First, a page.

The teeth (latin: dentes) are small solid bone-like structures that fit into the jaws and form the upper maxillary and lower mandibular rows. The teeth are mainly responsible for the mechanical processing of food. An adult has a total of 32 permanent teeth.

Humans are provided with two sets of teeth. The first set are the deciduous or the milk teeth, and the second are the permanent teeth. The milk teeth are 20 in number and appear during childhood at the age of six to eight months and are replaced by the permanent teeth at 6 to 12 years of age. The permanent teeth replace the milk teeth, and the last to appear are the molar teeth, also known as the wisdom teeth, which emerge at the age of 17 to 24 years.

Each tooth has three main parts: the root, the neck and the crown. The rooth is the part of the tooth lying in the dental alveoli of the alveolar arches of the upper and lower jaws. The neck of the tooth is a slightly narrowed part between the root and the crown, and it is covered by gums. The crown is the portion of the tooth which is elevated above the gums and visible in the mouth. The surface of the crown is responsible for the mechanical processing of food.

Each tooth is fixated within the alveolus of the maxilla or mandible with the help of the periodontium, specialized fibrous tissue between the root of the tooth and the bone.

The teeth are classified according to the number of roots and the shape of the crown. There are four types of human teeth:

  • incisor,
  • canine,
  • premolar,
  • molar.

The incisor teeth (also known as incisors, latin: dentes incisivi) have a crown shaped cutting chisel with a triangular lateral surface. Humans are provided by eight incisor teeth: four in the upper and four in the lower jaw. The incisor teeth have a long single conical root and they are for biting, cutting the food.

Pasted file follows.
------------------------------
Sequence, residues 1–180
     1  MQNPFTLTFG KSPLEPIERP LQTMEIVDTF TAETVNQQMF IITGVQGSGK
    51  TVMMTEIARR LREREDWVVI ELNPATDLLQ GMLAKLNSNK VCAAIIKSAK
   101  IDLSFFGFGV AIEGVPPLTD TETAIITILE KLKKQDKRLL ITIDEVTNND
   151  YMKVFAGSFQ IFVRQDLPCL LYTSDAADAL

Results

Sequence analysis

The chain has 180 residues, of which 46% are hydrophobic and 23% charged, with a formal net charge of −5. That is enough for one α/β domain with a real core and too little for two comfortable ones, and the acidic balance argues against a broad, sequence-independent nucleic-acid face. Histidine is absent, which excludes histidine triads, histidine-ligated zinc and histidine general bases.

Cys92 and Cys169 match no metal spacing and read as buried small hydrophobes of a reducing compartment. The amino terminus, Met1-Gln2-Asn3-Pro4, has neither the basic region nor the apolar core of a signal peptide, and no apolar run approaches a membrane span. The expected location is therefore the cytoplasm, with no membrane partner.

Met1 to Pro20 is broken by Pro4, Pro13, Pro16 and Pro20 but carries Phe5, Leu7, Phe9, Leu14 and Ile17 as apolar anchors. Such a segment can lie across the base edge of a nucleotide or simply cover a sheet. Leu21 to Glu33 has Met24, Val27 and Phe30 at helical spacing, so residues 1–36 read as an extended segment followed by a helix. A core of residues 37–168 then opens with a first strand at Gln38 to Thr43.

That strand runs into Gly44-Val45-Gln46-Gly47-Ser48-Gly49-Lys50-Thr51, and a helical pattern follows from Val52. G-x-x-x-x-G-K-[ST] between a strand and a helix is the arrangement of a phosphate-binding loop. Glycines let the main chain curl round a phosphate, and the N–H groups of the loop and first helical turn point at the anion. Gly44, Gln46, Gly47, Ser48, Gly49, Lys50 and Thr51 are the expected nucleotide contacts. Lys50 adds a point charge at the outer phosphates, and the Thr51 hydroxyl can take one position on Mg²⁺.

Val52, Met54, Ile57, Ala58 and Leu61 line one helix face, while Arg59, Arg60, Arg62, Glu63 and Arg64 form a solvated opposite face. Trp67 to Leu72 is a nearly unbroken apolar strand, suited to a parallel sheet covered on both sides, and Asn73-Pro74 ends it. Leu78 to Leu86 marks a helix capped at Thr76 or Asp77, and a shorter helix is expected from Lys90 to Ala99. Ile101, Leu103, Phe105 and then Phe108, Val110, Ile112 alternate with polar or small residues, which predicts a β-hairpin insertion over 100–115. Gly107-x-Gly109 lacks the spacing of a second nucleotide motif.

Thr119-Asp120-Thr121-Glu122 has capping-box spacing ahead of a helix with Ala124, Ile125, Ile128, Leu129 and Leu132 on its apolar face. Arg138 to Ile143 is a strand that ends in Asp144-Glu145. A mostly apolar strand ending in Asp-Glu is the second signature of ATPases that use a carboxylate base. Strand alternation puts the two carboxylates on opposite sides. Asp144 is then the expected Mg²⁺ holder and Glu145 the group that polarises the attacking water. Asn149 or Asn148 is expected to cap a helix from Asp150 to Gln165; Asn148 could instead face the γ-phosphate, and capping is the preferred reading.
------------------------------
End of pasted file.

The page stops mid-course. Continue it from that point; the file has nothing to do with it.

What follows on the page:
The canine teeth (latin: dentes canini) in human oral anatomy are also known as cuspids or eye teeth. There are two canine teeth in the upper and two in the lower jaw, each separated by four incisors. Canine teeth have very deep and long single roots, flattened and grooved on the sides. The crown of the canine teeth have a sharpened conical form with spear-like cutting edges. They are for gripping and tearing the food.

The premolar teeth (also known as bicuspids, premolars, latin: dentes premolares) are located between the canine and molar teeth. The premolar teeth have a single root, which is usually bifurcated, and the crown of these teeth has a cuboid shape. There is a total of eight premolars in the human oral cavity: four in the upper and four in the lower jaw (two on each side). The premolar teeth provide chewing or crushing of food.

The molar teeth (also known as molars, latin: dentes molares)  are located in the back of the oral cavity. Adults have a set of twelve molar teeth: three on each side in the upper and lower jaws. The molars have a crown with a cuboid-shaped convex on the buccal and lingual surfaces and flattened on its contact surfaces. The chewing surface of each molar tooth is square with three or more cusps. The upper molar teeth have three roots, but the lower have two roots. The molar teeth provide the grinding of food.

Nerve supply

The teeth are innervated by the maxillary and mandibular branches of the trigeminal nerve (CN V).

The upper or maxillary teeth are supplied the following nerves that originate from the maxillaryn nerve (CN V2):

  • anterior superior alveolar nerve,
  • middle superior alveolar nerve,
  • posterior superior alveolar nerve.

The lower or mandibular teeth are innervated by the following nerves originating from the mandibular nerve (CN V3):

  • incisive nerve,
  • inferior alveolar nerves.